Made this one for Nathan Latona of Tera Melos.  I never miss a show when they come to town and they never fail to impress. Check em out, especially if you're into Mathrock/prog/technical rock/actual talent.

Etching is always a rough process.  The GIF goes quick, but there is lot of work happening in between those pictures.  Every little thing has to be scraped just so with a dental pick.  Talk about tedious.  You can see that the image didn't transfer correctly the first time so some steps had to be repeated (Lost 3/5 Words in the first transfer).  In the end, it' turned out fine and I'm happy with the results. 

Resistors - Which to use?

Here’s the main types of resistors, that you’ll need to know about for anything really.  I’m mainly talking about SMD resistors, but this also applies to hole mount resistors. 

- Carbon resistors - Thick film resistors - Wire wound resistors - Metal film resistors - Metal foil resistors

Carbon resistors are rarely used and mainly found in dated equipment in hole mount packages. They are noisy, non linear and have poor temperature coefficient. Non linear? Yep!To put it simply, the relationship between voltage and current isn’t linear, as it should be! This means that when this kind of resistor is used in amplifiers, it does not only introduce noise, it also distorts. 

Thick film resistors are dirt cheap. They are better than carbon resistors, in terms of temp-co and linearity, but still noisy and not as linear as we’d like for precision linear applications such as measurement equipment or audio. They are great for anything but that, so use these for your house keeping circuitry, such as DC detector, overtemp shutdown, softstart timing, and all that stuff that isn’t directly related to audio quality.

Wire wound resistors are typically high power resistors, as the name suggests, made from a piece of wire. These are extremely linear and noise free. Use them in your output stage between emitters and for current measurement shunts.  - Or any other high power application, There’s not a lot of other choices over 1W. 

Metal film resistors. These have a few names, but to the best of my knowledge, there’s no real difference between them.   - Thin film SMD chip resistor  - Metal film SMD chip resistor  - MELF metal film resistor  - MELF thin film resistor  - Metal film or thin film hole mount resistor They’re all basically the same, a thin film of metal that has been cut to the right value. These resistors are as linear and noise free as wire wound resistors. 

Metal foil resistors are for extreme precision purposes and they are ridiculously expensive. Prices start somewhere around 5€ at 100ps quantity! It’s used for extremely critical measurement equipment. They have excellent ageing characteristics and wickedly low temp-co, along with of cause low noise and high linearity. 

A word on resistor noise

When I say “noise free” I of cause mean that there is only very little noise except from the thermal noise. See my article on resistor noise for details about this. 

I have ALWAYS wanted to be able to build my own robots. However I’ve much less interest learning to do complex programming. I’m happy with just being able to code in HTML and not crash a website.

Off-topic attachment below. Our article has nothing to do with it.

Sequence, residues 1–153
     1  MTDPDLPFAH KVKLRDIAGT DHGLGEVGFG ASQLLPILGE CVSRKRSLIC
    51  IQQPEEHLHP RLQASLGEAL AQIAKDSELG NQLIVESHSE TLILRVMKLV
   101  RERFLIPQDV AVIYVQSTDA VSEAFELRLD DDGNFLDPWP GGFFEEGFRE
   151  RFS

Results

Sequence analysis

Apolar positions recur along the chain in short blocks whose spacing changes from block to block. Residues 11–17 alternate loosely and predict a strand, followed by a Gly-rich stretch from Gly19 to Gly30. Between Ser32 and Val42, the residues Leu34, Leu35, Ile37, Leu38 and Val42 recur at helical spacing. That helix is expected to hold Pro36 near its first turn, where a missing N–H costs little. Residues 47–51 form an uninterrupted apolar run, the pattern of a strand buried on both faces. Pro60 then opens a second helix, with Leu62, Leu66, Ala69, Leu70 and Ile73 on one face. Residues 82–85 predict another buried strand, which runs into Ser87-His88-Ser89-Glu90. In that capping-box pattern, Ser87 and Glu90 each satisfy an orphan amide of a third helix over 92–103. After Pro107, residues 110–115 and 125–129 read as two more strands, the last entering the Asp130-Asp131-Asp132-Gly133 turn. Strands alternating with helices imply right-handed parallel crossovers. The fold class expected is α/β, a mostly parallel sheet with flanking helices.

Mark Arnott created the Smart Servo Controller to help control servo motors, relays, lights and motion algorithms (and more)

“Stumped on how to make your robotics project move? Now you can create complex motions and control logic without writing any code.”

Here’s a little more detail on all this.

The device has 8 inputs and 14 outputs that can be configured for different type input and output types. The operating voltage can be change from 3.3v to 5v for compatibility with other electronics.

The board runs from a 5 volt power supply. A selector switch sets the input and output operating voltage. There are disconnects that allow the input channel and output channel to operate from a different voltage supplied by the user. This way you can supply the servos with your own voltage source and not rely on the board power supply.

Current feedback - It’s not that difficult at all!

A current feedback has an input that consists of a unity gain buffer and two current mirrors in the configuration you see here: 

The buffer marked Buf1 has a quiescent current running in through +V terminal and out -V terminal. This current is mirrored so the same current runs from Q3 collector to Q4 collector. 

When +IN is higher than -IN, a current will flow out of the -IN terminal (this is the error current, hence the name current feedback). This current causes the current in terminal +V to be higher than the current in terminal -V. This in turn causes the upper current mirror to source more current than the lower one sinks. This difference in current is flowing to capacitor Cdom and so the voltage on Cdom rises and the output voltage follows and rises too. And so +IN > -IN = Vout rises, and vise versa. And so when you connect the output to the negative input you get a circuit that functions very much like a conventional opperational amplifier. 

This also explains why the feedback resistor value from out to -IN affects the bandwith of the amplifier. A lower resistor value will cause a higher feedback current to flow at the same error voltage and so the Cdom charges faster and voltage rises faster.